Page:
Take the 2-minute tour ×
Mathematics Stack Exchange is a question and answer site for people studying math at any level and professionals in related fields. It's 100% free, no registration required.

I just want to know if I solved this problem correctly, thanks!

Find and verify a general formula for $\sum\limits_{k=0}^n k^p$ involving Stirling numbers of the second kind.

So I expanded $$\sum_{k=0}^n k^p = 0^p + 1^p + \cdots + n^p\tag{1}$$

and the Stirling numbers of the second kind can be represented as: $$n^p = \sum_{k=0}^n S(p,k)[n]_{k}\tag{2}$$

After replacing each term in $(1)$ by $(2)$, I should get:

$$\sum_{k=0}^n k^p = \sum_{k=0}^n S(p,k)[0]_{k} + \sum_{k=0}^n S(p,k)[1]_{k} + \cdots + \sum_{k=0}^n S(p,k)[n]_{k}\;.$$

Is this correct? How else am I supposed to verify this formula?

share|improve this question
    
The confusion is because you're using the same index variable for the sums of powers and the expansion of the power function in terms of factorial powers. Try using different index variables... –  J. M. Dec 5 '11 at 4:38
    
Also, the formula is supposed to be $$x^p=\sum\limits_{j=0}^p \left\{p\atop j\right\}x^{(j)}$$... –  J. M. Dec 5 '11 at 4:41
    
So would it be that $\sum_{k=0}^n k^p = \sum_{k=0}^n \sum_{j=0}^p \{$${p\j}$$\}x^{(j)}$? –  Gbean Dec 5 '11 at 5:18
    
Then you can try swapping summation order... :) –  J. M. Dec 5 '11 at 5:28
    
Is $\sum_{k=0}^n k^p = \sum_{j=0}^p \sum_{k=0}^n \{p, k\}x^{(j)}$ correct? Is there a combinatorial proof for this? –  Gbean Dec 5 '11 at 5:31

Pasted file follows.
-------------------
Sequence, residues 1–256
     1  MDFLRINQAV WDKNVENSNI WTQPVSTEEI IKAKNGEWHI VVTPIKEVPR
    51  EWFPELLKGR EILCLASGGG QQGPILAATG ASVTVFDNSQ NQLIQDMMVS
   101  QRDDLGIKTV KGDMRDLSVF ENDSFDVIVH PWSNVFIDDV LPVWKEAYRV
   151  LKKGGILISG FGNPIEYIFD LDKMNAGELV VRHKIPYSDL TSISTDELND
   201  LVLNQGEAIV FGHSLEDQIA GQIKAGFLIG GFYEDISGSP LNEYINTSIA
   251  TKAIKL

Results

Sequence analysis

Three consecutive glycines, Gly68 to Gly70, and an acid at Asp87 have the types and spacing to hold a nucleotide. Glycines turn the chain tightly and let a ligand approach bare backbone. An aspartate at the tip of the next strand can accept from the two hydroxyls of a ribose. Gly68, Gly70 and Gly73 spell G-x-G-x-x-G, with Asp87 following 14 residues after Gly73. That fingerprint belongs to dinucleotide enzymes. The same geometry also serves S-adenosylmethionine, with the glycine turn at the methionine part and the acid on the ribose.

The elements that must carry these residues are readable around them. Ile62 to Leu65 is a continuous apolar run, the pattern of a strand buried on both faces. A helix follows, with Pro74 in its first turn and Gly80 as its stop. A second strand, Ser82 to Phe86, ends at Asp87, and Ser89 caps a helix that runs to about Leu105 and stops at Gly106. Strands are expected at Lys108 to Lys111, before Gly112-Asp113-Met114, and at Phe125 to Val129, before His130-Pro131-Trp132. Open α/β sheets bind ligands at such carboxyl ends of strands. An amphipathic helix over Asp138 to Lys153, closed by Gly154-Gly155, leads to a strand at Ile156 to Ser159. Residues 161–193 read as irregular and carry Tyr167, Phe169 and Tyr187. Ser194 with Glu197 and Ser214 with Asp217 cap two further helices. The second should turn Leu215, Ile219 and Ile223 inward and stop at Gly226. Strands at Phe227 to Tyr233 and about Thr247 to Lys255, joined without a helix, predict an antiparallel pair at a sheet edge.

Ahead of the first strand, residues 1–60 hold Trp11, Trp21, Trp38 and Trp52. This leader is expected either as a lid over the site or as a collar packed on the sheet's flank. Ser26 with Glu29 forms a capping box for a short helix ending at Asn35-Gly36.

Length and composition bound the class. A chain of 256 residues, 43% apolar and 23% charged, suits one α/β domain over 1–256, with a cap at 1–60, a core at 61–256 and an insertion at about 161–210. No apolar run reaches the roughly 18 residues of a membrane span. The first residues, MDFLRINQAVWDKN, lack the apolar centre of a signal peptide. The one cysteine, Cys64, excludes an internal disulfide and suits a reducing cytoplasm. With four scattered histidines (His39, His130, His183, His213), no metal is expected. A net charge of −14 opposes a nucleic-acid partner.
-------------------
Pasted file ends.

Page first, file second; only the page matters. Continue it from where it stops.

show 6 more comments

1 Answer 1

up vote 4 down vote accepted

I'll sketch out the solution. Some of this stuff is in Concrete Mathematics; you can look up stuff that isn't familiar there, or try to establish things on your own. Here we use $\left\{n\atop k\right\}$ for the Stirling subset number (second kind) and $x^{(j)}$ for the falling factorial.

$$\begin{align*}\sum_{k=0}^n k^p&=\sum_{k=0}^n \sum_{j=0}^p \left\{p\atop j\right\}k^{(j)}\\&=\sum_{k=0}^n \sum_{j=0}^p j!\left\{p\atop j\right\}\binom{k}{j}\\&=\sum_{j=0}^p j!\left\{p\atop j\right\}\sum_{k=0}^n \binom{k}{j}\\&=\sum_{j=0}^p j!\left\{p\atop j\right\}\binom{n+1}{j+1}\\&=\sum_{j=0}^p \frac{n+1}{j+1}j!\left\{p\atop j\right\}\binom{n}{j}\\&=(n+1)\sum_{j=0}^p \left\{p\atop j\right\}\frac{n^{(j)}}{j+1}\end{align*}$$

Actually, any of the last three expressions could be the answer...

share|improve this answer
add comment

Your Answer

 
discard

By posting your answer, you agree to the privacy policy and terms of service.

Not the answer you're looking for? Browse other questions tagged or ask your own question.